Tuesday, January 26, 2010

Top 10 Winter Vinyasa Tips

Top 10 Winter Vinyasa Tips
1. Adjust your day-to-day choices to align with what is occurring outside in nature.
2. Figure out your dosha to increase your awareness of physical and mental strengths/challenges during this season.
3. Daily ritual begins with getting up early and looking in the mirror to monitor your health.
4. Adjust daily routine based on how your skin, tongue, and eyes appear in the morning!
5. Eat your big meal in the middle of day (healthy high fat and oily foods).
6. Take a hot bath or shower to unwind and decrease stress vs. drinking wine or eating sugar.
7. Keep strong "jatharagni" by eating only when you are hungry.
8. Keep stong "pranagni" by doing yoga asanas and deep breathing.
9. Keep strong "managni" by meditating and spending time in nature away from artificial stimulation.
10. Awaken your "hridaya", spiritual heart with fire ceremonies and chanting or singing.

Melina Meza

Winter Vinyasa - Asana Practice with Melina Meza

Here's what I'm teaching this week:
Virasana with shoulder openers (pg. 19 A.O.S. book)
Virasana with Gomukasana arms
Cat/Cow into with Lion's breath!
Down Dog to Uttanasana
Uddiyana Bandha and Kapala bhati
Prasaritta Padottanasana - regular
Prasaritta Padottansana E (pg. 38)
Surya Namaskar A variation: with low lunge and twist
Surya Namaskar B variation: twisting chair, warrior one, lunge with head at ankle (pg. 37)
Garudasana - repeat a few times
Prasaritta Padottansana with deep twist
Down Dog - Vinyasa to stay warm
Dhanurasana with strap (pg. 59)
Balasana - child's pose
Sirsasana - headstand
Ardha Matysasana - Purvottanasana with bent legs after both sides
Marichyasana B (pg. 53) - Purvottanasana with straight legs after both sides
Savasana - brief
Sukkhasana - Right nostril breathing


If you don't have your copy of Art of Sequencing, you can purchase it on my website by clicking the link:

Monday, January 18, 2010

Seasonal Vinyasa - Winter You Tube Videos 1 & 2



Winter sequences in general should be rhythmic, warming, and invigorating. Try to find the right tempo to practice these suggested postures to increase your metabolism and circulation. What I offer in this You Tube video is a fast-forward version of poses I teach in classes. This does not reflect the whole class, just some winter friendly poses I'm currently teaching. Have fun! Filmed at 8 Limbs Yoga Centers, Seattle, on a sunny day!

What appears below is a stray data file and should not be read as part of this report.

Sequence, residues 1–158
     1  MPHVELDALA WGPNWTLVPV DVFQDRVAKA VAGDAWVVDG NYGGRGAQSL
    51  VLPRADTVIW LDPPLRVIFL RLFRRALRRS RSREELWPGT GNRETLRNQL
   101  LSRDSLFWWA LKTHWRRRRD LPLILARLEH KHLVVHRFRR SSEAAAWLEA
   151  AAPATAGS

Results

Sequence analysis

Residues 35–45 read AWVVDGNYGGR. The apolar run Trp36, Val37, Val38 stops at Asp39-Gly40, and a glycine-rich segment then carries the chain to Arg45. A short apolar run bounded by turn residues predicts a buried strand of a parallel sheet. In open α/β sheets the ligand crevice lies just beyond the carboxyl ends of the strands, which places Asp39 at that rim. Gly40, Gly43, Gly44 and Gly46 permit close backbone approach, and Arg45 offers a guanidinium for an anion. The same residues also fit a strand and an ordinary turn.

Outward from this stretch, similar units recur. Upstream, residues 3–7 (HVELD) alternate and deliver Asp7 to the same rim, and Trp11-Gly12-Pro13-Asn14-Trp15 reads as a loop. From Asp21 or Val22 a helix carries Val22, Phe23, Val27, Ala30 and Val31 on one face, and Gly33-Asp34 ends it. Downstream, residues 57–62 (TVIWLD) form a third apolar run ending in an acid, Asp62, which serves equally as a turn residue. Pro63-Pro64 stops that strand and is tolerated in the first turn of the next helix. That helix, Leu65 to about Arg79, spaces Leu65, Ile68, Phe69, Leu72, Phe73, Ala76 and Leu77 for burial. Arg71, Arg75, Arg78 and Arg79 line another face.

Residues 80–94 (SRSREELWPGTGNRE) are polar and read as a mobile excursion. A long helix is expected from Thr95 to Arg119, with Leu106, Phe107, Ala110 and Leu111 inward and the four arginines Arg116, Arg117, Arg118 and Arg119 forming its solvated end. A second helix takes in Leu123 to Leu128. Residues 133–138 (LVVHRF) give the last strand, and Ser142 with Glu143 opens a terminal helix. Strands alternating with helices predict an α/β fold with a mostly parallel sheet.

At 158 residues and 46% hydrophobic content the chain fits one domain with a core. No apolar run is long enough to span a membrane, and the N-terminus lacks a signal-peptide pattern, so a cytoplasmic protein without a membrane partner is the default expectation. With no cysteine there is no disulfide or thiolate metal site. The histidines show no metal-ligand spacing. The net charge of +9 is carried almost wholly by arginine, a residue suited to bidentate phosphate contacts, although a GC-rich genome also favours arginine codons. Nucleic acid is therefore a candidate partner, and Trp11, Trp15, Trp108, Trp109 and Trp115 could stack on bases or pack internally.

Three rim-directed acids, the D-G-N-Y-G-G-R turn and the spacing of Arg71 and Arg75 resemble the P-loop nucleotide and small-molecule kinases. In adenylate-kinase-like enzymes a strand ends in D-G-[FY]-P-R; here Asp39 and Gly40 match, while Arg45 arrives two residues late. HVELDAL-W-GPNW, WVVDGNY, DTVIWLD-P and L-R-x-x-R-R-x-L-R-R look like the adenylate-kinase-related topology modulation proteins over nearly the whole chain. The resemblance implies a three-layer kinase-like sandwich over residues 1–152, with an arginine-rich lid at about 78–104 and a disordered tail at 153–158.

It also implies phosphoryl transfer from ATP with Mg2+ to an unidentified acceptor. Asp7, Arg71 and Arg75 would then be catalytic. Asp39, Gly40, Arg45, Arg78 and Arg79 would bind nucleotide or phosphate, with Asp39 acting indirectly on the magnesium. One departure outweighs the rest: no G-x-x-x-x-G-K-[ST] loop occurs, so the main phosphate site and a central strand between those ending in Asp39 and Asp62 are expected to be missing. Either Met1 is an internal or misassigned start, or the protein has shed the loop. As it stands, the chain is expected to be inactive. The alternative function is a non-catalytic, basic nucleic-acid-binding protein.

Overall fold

Thursday, January 14, 2010

Tapas - Part One with Melina Meza

Tapas: To cook or transform; heat; passion; to glow; the creative incubation phase; enthusiasm; asceticism.

Part One: Tapas is Step One in Kriya Yoga
Tapas is found in both the three-fold process of Kriya yoga and the Niyamas. Consider tapas as a catalyst or spark to initiate, as well as maintain, the energy for creativity, new beginnings, physical, emotional, and mental transformations; or alternately, as the electrical juice to overcome habits that are no longer beneficial.

Tapas in the Modern World
Living in harmony with nature means you embrace the changing world around you in all its seasons, ages, and states, including suffering and destruction, as well as, joy and renewal. If you are willing to truly embrace all the phases of life, then tapas will be a warm nudge to help you stoke the fire of inspiration and engage in the world as a dynamic participant rather than a static bystander. This first step of Kriya requires energy in the form of intention, enthusiasm, commitment, or passion. These act as catalysts to propel your creative endeavor—whether your wellness plan, art project, vegetable garden, or yoga practice—forward. This passion fires the creative muse in you to dream up endless possibilities. It’s the energy that inspires the farmer to envision a bountiful harvest, a parent to trust they are doing their best, and a yogi to organically detach from worldly desires.